January 18, 2023 |
Sergio Mendes attributes much in his life to serendipity.
“My whole life has been a series of encounters that I never planned but that opened incredible doors for me,” he said.
When he was just three, he came down with osteomyelitis. Thankfully his father was. a doctor, so they could get penicillin to save his leg. But he was in a body cast until he was 6, and when it finally came off, he couldn’t run around and play, so his mom got him a piano. “It was like, ‘Here is your new life,’” Mendes recalled.
He started out by learning classical music (studying at the Conservatory of Music in Rio de Janeiro), but then, in his early teens, he heard Dave Brubeck’s “Take Five,” and jazz had a major impact on his future as a musician.
When he was 18, he was invited to play at the Bottles Bar in Rio. Bossa nova was just getting started, and he got to jam with João Gilberto. From that, he put together a sextet that recorded an album, did well, and soon they were performing in Carnegie Hall.
One night on tour, in a club in Chicago, he met Lani Hall. Then, back in LA (where he had moved with his wife and child in 1964, on the heels of a military coup) he met a Brazilian, Bibi Vogel, who could sing in English. He brought Hall and Vogel together as the sultry singers of his new group, and Herb Alpert and Jerry Moss walked in on a rehearsal one day. The next thing you know, Mendes’ band was touring with Herb Alpert, who produced Mendes's first big album, Brasil 66, which included the massive hit "Mas que Nada." Eventually, Brasil 66 went platinum. (Hall later married Alpert, so the serendipity spread…)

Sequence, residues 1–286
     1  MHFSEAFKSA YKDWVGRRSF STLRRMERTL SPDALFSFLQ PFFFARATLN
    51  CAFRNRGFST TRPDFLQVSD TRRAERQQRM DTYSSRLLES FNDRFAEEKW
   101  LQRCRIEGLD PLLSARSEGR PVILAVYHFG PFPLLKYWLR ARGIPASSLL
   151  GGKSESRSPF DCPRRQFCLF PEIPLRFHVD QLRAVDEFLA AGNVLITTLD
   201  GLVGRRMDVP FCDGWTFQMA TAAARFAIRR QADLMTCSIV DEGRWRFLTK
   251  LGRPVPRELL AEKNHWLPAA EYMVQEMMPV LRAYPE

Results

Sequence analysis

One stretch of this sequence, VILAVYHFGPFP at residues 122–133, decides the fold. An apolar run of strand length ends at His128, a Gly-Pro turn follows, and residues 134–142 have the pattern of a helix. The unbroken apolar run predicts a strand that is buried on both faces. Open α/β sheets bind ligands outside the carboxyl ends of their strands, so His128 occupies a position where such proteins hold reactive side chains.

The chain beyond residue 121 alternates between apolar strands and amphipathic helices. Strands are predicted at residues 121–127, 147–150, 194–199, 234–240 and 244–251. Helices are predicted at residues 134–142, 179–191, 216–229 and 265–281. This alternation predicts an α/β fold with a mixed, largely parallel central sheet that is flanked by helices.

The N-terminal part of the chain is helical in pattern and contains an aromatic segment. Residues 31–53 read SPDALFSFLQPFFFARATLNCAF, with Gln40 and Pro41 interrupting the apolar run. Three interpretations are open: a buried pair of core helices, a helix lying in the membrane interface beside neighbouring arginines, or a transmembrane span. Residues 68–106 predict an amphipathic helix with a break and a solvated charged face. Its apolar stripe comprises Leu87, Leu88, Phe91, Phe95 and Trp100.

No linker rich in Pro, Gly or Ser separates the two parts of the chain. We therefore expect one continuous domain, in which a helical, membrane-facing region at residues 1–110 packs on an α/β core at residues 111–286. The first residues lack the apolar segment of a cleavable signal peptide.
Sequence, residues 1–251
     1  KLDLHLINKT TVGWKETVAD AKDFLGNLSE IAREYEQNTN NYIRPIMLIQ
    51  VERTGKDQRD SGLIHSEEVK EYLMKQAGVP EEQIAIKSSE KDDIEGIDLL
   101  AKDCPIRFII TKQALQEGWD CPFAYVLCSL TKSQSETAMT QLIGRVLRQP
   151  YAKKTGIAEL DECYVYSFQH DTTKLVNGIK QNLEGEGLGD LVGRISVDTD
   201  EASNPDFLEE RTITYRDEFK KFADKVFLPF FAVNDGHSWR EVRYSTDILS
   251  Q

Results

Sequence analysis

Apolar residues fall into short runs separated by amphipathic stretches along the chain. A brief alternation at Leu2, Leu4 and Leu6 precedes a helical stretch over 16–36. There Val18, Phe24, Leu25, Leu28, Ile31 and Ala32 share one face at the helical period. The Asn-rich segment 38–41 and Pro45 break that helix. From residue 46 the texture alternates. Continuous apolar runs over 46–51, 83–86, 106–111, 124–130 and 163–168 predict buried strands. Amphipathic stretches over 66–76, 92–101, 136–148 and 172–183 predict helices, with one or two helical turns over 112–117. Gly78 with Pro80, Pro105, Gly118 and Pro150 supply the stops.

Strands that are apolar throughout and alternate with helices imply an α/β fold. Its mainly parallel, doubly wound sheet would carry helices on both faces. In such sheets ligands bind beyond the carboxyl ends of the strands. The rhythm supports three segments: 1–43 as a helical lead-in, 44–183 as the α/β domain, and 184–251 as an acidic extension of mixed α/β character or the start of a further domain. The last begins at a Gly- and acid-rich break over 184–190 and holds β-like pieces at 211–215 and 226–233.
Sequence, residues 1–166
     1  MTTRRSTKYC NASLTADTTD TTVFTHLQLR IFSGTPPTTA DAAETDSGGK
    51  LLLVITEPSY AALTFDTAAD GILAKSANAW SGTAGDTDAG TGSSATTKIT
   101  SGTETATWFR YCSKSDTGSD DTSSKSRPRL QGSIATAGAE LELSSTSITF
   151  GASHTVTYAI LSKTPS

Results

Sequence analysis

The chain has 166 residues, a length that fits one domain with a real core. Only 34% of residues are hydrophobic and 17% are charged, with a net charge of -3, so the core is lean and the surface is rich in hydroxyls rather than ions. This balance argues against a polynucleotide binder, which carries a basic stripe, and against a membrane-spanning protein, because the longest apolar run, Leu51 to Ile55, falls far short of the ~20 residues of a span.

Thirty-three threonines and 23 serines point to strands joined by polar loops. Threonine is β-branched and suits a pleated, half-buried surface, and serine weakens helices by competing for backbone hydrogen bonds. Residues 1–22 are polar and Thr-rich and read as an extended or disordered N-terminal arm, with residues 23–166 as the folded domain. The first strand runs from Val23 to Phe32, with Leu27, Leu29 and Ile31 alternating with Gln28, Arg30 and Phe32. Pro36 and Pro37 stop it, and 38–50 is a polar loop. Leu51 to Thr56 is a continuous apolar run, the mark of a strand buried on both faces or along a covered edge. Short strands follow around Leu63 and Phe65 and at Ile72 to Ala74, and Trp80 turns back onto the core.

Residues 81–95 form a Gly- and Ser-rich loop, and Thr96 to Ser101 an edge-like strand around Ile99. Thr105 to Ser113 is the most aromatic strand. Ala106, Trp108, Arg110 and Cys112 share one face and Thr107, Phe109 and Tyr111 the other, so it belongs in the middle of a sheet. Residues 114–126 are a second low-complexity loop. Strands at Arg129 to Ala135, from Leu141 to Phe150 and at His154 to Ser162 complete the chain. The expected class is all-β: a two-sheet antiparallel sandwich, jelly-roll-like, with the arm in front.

Mendes’ serendipitous star soared into the stratosphere in 1968, when he performed the Oscar-nominated song, "The Look of Love" on the Academy Awards telecast. His band's version of the song shot into the top 10, eclipsing Dusty Springfield's version from Casino Royale soundtrack.
A series of top 10 and top 20 hits followed in 1968, with "The Fool on the Hill" and "Scarborough Fair." The surge made Mendes arguably the biggest Brazilian star in the world, and he even performed at the White House twice, for presidents Lyndon B. Johnson and Richard Nixon.
Mendes’ music has been featured in several films, from The Graduate to the animated films Rio and Rio2 (for which he garnered an Oscar nomination), to Austin Powers, The Brothers Grimsby, and Over Her Dead Body. He was the producer of Lani Hall’s vocals on the title song for the Bond film Never Say Never Again. And, in 1984, his song “Olympia” was the official song of the Olympic Games in Los Angeles that year.
In his long career, Mendes has been nominated for 15 Grammy Awards and won three.
When asked what it is he feels that has made bossa nova so wildly successful, Mendes said “I think there are several components… The melodies are haunting and catchy. Great harmonies, great chords. Then, the sensuality of the music. That’s what inspired so many North American musicians like Stan Getz, Dizzy Gillespie, and Frank Sinatra to go to that repertoire. It’s very romantic but also quite sophisticated at the same time.”
Sergio Mendes returns to Festival Boca exactly six years after his first performance, closing out this year’s festival with a concert on March 12. Tickets are still available here, but hurry: the show is expected to sell out!